4. What new constructive conceptions of democracy are emerging from within or among different religious and spiritual traditions? Relatedly, what immanent critiques of antidemocratic tendencies within different religious and spiritual traditions can be identified and articulated?

Additionally, projects that investigate the religious or spiritual dimensions of topics central to related SSRC programs in Anxieties of Democracy and Media & Democracy (e.g., inequality, identity, political participation, the impact of social and other media on democracy, immigration, and the politics of climate change) are welcome.

ADDITIONAL FELLOWSHIP ACTIVITIES

The fellowship includes participation in an interdisciplinary workshop upon the completion of RSDR-funded research. These workshops will focus on fostering interdisciplinary dialogue on key research topics, writing, public communication strategies, and cohort building.

Participants will be expected to contribute at least one essay to the SSRC’s flagship web forum on religion and secularism, The Immanent Frame (TIF).

TO APPLY

Applications must be submitted through the SSRC’s online application system no later than 11:59 p.m. EST on March 16, 2020. Applications will consist of a research proposal, a short application form, a curriculum vitae, and a letter of reference. Apply now at apply.ssrc.org.

Call for Proposals: SSRC 2020 Religion and the Public Sphere Summer Institute for Early-Career Scholars

The Social Science Research Council, with support from the Henry Luce Foundation, is pleased to announce the Religion and the Public Sphere Summer Institute for Early-Career Scholars. This week-long institute will take place July 16-22, 2020 in Santa Fe, New Mexico. Applications are due January 31, 2020.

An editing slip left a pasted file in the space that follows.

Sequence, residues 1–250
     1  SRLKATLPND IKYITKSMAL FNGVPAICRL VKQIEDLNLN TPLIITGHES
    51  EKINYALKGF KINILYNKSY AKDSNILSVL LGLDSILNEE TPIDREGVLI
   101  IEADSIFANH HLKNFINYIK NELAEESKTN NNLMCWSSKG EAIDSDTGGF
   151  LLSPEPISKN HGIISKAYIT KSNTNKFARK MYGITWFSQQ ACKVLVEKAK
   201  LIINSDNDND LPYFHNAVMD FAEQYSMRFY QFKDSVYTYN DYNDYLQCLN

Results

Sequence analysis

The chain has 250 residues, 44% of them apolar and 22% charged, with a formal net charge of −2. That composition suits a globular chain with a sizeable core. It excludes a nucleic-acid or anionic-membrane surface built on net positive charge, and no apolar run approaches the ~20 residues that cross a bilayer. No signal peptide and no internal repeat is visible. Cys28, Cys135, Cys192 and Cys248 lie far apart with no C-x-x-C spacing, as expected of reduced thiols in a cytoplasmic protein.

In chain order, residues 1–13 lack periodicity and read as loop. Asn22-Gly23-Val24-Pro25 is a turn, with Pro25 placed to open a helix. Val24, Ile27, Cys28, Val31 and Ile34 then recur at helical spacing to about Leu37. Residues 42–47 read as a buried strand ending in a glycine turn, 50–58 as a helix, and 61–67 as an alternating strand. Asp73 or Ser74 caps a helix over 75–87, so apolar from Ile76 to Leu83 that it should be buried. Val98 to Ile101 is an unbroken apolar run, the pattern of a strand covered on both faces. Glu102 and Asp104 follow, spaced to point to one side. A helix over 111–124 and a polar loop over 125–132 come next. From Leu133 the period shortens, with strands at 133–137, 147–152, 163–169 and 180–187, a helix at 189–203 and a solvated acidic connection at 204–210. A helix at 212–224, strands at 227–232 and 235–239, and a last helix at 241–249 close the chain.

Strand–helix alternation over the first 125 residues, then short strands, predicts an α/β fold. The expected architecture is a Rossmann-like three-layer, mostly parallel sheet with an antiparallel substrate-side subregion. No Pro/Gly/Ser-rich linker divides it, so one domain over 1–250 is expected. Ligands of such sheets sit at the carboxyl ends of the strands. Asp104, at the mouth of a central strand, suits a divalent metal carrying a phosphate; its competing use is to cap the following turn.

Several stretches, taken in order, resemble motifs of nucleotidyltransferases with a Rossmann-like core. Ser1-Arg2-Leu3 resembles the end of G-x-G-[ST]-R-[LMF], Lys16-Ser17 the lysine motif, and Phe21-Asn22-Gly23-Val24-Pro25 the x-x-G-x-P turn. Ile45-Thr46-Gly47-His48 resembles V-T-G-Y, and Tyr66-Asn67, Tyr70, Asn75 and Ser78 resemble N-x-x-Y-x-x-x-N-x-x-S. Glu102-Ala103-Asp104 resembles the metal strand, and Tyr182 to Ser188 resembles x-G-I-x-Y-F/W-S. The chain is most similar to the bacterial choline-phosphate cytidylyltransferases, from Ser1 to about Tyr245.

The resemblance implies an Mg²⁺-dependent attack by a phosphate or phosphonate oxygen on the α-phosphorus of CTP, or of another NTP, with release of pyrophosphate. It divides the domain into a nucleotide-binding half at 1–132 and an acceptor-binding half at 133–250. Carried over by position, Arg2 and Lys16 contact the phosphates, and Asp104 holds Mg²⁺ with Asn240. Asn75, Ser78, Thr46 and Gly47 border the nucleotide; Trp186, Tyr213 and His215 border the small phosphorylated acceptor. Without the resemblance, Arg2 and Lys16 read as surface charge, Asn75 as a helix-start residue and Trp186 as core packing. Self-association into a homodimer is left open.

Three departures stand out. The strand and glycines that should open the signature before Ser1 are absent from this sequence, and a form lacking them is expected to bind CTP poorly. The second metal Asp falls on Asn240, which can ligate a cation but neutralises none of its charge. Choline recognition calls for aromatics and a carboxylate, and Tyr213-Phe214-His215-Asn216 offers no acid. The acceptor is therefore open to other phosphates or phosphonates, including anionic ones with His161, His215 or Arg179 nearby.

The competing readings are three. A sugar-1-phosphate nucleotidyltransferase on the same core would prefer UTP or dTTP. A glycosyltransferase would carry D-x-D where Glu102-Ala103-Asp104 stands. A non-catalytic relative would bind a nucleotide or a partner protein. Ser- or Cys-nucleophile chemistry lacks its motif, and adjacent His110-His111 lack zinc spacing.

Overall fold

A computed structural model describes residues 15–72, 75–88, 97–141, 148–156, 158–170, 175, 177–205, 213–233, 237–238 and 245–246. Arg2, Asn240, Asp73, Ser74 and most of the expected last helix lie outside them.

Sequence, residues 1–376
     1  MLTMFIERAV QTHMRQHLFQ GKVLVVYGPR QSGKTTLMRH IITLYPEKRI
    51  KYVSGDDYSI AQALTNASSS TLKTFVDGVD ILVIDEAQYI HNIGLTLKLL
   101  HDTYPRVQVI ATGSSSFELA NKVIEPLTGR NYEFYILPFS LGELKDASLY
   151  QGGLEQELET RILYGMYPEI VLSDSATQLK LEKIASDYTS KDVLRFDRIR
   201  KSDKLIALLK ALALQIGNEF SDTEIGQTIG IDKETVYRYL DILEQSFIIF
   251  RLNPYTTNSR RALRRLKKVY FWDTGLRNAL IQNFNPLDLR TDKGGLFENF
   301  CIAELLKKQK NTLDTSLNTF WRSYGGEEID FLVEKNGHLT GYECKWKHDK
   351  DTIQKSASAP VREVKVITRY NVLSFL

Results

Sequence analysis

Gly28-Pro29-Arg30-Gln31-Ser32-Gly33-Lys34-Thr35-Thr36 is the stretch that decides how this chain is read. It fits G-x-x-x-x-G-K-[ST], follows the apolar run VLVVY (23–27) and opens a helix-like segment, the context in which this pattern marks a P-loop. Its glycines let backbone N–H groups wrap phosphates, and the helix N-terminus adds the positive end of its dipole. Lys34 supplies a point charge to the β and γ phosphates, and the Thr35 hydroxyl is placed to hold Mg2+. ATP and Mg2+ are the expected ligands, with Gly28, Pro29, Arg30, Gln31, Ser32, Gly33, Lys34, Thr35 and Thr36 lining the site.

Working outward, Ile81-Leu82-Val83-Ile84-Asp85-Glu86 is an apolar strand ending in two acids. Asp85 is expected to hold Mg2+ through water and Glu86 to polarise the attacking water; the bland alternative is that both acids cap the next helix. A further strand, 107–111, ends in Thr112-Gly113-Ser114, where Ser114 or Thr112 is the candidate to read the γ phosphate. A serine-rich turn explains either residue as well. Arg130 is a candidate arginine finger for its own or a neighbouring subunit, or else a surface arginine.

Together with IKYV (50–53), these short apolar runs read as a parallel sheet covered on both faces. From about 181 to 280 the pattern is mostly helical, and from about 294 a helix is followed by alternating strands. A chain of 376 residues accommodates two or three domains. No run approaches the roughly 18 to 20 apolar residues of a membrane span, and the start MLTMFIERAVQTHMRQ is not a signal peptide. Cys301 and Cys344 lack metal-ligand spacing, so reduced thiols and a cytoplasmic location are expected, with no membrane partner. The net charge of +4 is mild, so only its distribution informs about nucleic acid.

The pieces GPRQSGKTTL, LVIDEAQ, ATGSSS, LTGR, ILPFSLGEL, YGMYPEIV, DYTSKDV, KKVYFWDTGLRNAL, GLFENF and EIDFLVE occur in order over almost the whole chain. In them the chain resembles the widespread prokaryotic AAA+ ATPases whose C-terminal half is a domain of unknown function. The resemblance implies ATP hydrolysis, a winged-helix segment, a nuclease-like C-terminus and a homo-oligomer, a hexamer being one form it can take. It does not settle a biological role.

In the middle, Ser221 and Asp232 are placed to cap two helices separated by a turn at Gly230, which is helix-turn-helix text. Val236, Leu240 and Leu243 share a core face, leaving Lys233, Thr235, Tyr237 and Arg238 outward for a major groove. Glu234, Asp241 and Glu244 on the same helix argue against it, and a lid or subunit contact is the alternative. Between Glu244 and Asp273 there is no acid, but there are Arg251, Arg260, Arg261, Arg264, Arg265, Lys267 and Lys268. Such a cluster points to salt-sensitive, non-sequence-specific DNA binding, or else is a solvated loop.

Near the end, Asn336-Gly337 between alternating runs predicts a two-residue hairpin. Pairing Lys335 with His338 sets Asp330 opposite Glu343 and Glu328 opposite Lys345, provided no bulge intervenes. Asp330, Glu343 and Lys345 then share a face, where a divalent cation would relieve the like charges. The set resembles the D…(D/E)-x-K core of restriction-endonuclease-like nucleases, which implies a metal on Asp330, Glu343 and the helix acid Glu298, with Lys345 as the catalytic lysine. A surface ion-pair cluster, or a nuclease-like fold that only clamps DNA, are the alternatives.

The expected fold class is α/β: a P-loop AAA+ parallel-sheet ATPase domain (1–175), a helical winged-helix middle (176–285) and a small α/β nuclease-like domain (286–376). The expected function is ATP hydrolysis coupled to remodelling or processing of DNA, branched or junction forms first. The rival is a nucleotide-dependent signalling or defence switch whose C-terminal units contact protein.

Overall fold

The goal of the 2020 Summer Institute is to bring together early-career scholars conducting research on, or beginning new projects on, the ways in which religion intersects with two critical public issues: social justice movements and environmental crises. Through a series of small seminars and workshops led by senior scholars, and unstructured time for reading, writing, and reflection, the Institute provides an intensive but informal setting for cross-disciplinary dialogue, exploring research design, presenting research findings, and networking with peers concerned with the ways in which religious ideas, practices, actors, institutions, and movements engage the public sphere. Following the workshop, participants interested in pursuing collaborative projects with each other will be eligible to apply for small seed grants to develop their projects.

SUMMER INSTITUTE THEMES

The Institute is open to advanced doctoral candidates and recent postdocs from all fields in the social sciences, humanities, and theology. We invite applications from early-career scholars who work on, or seek to work on, either of the following:

Religion and social justice movements in transatlantic perspective. This theme will focus on Europe and North America (including the United States, Mexico, Central America, Canada, and the Caribbean), but is also open to projects that include research in other regions, such as other home countries of immigrants to the global North. Projects for this theme might address questions such as:

  • How are religious leaders, actors, and organizations publicly responding to growing social inequality and to exclusionary populist mobilizations targeting racial minorities and immigrants? And with what kinds of effects?
  • How do religious actors understand the sources and dynamics of social inequality and exclusion (locally, nationally, globally), and how does this understanding shape the ways they approach them?
  • What kinds of transnational dialogues and intersections exist among religious actors to mutually support and learn from each other, and to imagine transnational responses to inequality and exclusionary populism? To what extent are such transnational dialogues and intersections reshaping local and national movements, whether religious or political?

• How are spiritually rooted forms of expression (practice, ideas, feelings, symbols, etc.) invoked in activism for social justice? How does this shape the internal dynamics within these movements or their cultural or political impact in the wider world?

Religion, spirituality, and environmental crises. This theme is open to projects from scholars working in any world region. Projects for this theme might address questions such as: